Through a Dog's Eyes: Understanding Our Dogs by Understanding How They See the World by Jennifer Arnold A “transformative,” inspiring book with the power to change the way we understand and communicate with our dogs.
The Wave. Water waves. Not lazy surf lapping at your toes along the beach. Colossal, ship-swallowing rogue waves; scientists scrambling to understand the phenomenon; and extreme surfers seeking the ultimate challenge. Susan Casey’s account follows the exploits of boarders conquering suicidally large, 70- and 80-foot waves and the physicists trying to grapple with the destructive powers of 1,740-foot waves off the coast of Alaska and tsunamis in the Pacific. Casey is our guest.
In 1896 -- a time when Scientifc American ran a regular "Cycling notes" column -- the following item appeared. "Count Leo Tolstoi, the Russian novelist, now rides the wheel, much to the astonishment of the peasants on his estate."
It’s August (August?!), it’s Wednesday—it’s The Food Schmooze. At every restaurant, for every lunch and dinner service, there’s a staff meal. We’ll talk to Marissa Guggiana about Off the Menu, her cookbook of staff meals from small plates to multi-course extravaganzas. Plus, glorious recipes without gluten or lactose from The Intolerant Gourmet.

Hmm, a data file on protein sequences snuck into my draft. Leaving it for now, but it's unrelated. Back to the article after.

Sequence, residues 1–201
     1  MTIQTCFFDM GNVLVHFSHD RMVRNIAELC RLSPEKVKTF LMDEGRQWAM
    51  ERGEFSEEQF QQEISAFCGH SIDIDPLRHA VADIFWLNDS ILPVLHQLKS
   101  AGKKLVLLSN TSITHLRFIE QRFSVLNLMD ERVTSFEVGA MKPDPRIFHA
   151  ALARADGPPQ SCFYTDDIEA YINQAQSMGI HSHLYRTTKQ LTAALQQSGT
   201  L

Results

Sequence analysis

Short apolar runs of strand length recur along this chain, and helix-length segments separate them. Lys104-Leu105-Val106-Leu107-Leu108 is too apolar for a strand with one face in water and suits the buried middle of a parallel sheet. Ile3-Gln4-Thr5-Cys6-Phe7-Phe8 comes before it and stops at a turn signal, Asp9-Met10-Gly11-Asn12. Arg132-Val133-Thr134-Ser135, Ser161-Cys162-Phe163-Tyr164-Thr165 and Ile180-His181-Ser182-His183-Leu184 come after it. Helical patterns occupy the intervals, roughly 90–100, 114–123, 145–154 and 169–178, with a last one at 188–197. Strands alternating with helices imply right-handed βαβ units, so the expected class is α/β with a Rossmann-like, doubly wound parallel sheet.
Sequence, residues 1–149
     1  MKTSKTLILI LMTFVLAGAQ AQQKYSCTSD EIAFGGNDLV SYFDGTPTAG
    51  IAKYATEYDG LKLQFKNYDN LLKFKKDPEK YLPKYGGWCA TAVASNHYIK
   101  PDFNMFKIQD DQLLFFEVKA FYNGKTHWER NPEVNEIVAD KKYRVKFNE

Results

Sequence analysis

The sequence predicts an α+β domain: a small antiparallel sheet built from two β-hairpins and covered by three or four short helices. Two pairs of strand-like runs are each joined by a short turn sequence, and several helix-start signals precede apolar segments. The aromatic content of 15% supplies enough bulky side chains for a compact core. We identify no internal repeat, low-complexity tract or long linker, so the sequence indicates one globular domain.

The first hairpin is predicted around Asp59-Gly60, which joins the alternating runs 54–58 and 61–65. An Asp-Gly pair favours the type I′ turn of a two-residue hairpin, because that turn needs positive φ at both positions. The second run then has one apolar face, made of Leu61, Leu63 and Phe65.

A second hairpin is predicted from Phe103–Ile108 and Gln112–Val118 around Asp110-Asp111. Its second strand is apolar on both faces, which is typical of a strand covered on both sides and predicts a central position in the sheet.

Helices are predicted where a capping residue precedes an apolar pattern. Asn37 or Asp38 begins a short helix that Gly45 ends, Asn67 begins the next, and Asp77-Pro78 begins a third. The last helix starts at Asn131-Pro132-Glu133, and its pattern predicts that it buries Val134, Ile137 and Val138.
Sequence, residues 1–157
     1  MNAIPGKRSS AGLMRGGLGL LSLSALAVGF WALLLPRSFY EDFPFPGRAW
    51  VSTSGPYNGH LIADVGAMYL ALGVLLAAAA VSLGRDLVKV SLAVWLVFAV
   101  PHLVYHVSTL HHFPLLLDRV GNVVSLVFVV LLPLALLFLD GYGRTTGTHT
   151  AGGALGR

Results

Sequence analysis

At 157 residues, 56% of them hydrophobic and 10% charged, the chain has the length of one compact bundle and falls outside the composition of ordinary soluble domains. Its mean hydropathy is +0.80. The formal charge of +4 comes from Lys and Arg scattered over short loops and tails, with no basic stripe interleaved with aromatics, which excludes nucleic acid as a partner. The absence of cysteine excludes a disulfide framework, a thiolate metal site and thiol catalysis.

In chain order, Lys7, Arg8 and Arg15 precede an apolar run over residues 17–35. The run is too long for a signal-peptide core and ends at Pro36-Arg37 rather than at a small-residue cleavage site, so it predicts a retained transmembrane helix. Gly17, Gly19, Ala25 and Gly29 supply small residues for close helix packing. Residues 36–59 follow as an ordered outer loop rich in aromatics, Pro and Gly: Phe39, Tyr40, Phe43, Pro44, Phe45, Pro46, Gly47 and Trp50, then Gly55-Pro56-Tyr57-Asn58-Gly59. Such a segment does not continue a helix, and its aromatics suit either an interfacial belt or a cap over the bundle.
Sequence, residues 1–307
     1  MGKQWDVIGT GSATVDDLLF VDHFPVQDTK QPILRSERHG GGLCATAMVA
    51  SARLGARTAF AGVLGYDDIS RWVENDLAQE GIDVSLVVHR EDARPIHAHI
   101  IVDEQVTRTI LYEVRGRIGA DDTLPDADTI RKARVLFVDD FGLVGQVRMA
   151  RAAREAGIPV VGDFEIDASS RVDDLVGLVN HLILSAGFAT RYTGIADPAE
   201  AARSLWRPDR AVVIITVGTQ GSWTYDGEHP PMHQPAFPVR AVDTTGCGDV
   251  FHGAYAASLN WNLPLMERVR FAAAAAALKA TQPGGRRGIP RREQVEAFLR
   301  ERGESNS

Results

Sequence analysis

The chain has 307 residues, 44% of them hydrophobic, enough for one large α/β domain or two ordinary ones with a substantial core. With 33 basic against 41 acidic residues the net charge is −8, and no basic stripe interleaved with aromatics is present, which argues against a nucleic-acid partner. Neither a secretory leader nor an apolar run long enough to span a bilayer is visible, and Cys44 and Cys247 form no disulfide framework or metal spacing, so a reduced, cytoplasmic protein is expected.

When you hear other people talk, how much does the language they use shape your opinion of them? Robert Lane Greene, international correspondent for The Economist, says that the way we look down our noses at ‘poor’ grammar, the way we hold up myths like the bloody origins of the word shibboleth, the hegemonic way we look at languages themselves makes what we hear in other people’s words nothing less than the politics of identity. His book is You Are What You Speak.
It's the last day of July. Our shows this month were about urban beekeeping, musical mashups as a distinct genre, anxiety, internet trolls, why certain songs get stuck in your head, artificially enhanced athletes, conversion to a different religion, a pervasive pop aesthetic called twee, the history of corn, noise, nudism, the history of the TV remote control.
I'm what Daniel Smith, one of today's guests, would call a "stifler."
I have anxiety attacks and a lot of background anxiety, but most people who know me would have no idea how bad or how recurrent my anxiety is. Because it's embrassing, right? Our culture connects anxiety with a kind of generalized cowardice. You're supposed to suck it up and face life with your shoulders squared up.